Around 4 PM the lake effect band was over Oswego. The students back at campus released multiple rawindsondes from 4 PM to 12 AM. At 8:30 PM the edge of the band came over our location in Fair Haven. From 8:30 to 12:30 some students collected snow samples. The snow fell at approximately 2 inches per hour in Fair Haven while Oswego got over a foot of snow!
Today's event gave the research team a lot of great data. Some small scale phenomena were observed by the DOW that would never be seen by the National Weather Service's radar. Small swirls (possibly waterspouts) and a larger circulation (possibly a mesoscale low) were seen. The weather balloon team also reported some great results. All and all we could not be happier.
Here are some photos from the day:
The Team arriving at our scan point in Fair Haven:
Dr. Steiger meeting with students and discussing the plans for the operation:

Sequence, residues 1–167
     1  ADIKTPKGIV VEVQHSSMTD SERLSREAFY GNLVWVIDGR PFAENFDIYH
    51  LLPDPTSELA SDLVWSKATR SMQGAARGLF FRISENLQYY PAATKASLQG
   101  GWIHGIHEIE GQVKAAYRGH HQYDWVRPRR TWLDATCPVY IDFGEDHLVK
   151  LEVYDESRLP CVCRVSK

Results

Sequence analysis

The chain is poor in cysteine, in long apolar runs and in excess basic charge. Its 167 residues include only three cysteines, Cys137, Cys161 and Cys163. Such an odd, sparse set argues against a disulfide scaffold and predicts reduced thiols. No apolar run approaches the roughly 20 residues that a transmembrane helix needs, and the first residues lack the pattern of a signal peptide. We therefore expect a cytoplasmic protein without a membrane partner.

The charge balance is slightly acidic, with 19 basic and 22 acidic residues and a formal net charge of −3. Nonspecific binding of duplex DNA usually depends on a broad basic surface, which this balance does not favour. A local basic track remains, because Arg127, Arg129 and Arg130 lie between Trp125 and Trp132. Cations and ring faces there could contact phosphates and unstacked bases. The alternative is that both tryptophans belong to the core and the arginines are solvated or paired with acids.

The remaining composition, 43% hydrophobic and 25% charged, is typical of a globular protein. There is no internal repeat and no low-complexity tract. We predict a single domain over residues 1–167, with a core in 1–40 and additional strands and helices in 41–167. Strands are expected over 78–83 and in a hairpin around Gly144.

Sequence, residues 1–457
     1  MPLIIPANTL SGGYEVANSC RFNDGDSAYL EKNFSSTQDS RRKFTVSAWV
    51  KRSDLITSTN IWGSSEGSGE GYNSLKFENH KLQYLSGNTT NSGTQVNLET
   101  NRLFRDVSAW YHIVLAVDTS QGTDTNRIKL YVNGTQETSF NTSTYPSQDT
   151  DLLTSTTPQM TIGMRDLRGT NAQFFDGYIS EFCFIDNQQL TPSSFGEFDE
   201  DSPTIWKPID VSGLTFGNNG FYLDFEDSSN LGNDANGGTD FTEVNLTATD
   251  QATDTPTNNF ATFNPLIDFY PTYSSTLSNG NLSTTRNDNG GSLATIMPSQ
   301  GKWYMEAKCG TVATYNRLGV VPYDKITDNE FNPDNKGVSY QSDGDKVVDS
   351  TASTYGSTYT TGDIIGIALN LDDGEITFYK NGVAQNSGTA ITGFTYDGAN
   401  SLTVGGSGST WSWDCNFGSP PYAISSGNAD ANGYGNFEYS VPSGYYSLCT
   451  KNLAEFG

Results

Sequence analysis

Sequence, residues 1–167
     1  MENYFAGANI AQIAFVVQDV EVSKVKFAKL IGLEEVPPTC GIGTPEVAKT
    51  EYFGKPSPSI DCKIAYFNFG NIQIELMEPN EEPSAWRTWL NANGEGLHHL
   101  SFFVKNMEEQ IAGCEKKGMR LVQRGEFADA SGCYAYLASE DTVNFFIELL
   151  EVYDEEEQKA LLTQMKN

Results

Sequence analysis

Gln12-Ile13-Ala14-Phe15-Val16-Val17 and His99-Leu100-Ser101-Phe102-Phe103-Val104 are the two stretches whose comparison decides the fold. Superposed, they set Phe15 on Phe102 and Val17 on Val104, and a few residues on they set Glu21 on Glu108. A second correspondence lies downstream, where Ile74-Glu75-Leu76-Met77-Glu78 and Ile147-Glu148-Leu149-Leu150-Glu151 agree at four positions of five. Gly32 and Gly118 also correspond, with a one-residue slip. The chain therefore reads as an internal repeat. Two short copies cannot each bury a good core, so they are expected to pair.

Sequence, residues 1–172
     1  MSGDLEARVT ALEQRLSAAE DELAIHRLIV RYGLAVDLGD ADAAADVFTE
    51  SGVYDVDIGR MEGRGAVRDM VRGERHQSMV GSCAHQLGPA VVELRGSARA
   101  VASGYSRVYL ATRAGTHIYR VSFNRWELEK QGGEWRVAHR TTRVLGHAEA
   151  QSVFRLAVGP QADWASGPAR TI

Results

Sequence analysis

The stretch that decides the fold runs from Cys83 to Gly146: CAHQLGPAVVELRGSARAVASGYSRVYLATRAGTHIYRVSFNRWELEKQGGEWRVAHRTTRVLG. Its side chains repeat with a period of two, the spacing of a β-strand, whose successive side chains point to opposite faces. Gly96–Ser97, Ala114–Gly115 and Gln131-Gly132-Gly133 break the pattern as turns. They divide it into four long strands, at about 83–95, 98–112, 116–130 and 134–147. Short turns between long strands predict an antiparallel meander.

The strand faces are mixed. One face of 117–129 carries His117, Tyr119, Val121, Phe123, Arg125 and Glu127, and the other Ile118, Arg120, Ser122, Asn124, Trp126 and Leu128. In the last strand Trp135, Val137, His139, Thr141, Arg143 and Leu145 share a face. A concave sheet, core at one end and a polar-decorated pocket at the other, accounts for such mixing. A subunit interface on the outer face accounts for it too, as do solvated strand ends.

The band while it was still weaker and farther north:
The band as it moved farther south and intensified (and as the sun was going down):
Dr. Steiger and Senior Brett Rathbun in the DOW, observing data with the DOW operators (who are off camera to the left):
Some photos of Campus after our return, over a foot has fallen and it is still snowing:
Also, check out a story WSYR 9 out of Syracuse did on the research team tonight:
The Sounding Team!
|Preparing to launch a Sounding. Left to right: Sophomore Robert Schrom, Dr. Skubis, and Freshman Jake Mulholland||.|
At 3:55 pm the first of the four soundings were launched, which occurred soon after the first few snowflakes were seen. Within the first hour there were 4 lightning strikes as well as thunder. There was at least one lightening strike that was a bright pink. All of the lightning strikes were observed on the southern edge of the band. Small pellet size snowflakes fell soon after the thunder was heard, which increased the snowfall rate. The snowfall rate was 2 inches per hour and in some cases, it was a little more. Snow measurements were taken every half hour as well as the wind speed. The maximum wind speed was recorded at 4:10 pm as well as the first lightning strike. By 1 am Wednesday morning, nearly 11 inches of snow had fallen and the last sounding was launched. Pictures were taken of the snowflakes that fell through the air. A mix of dendrites and pellets were recorded in some cases, but the majority of the snowflakes were dendrites.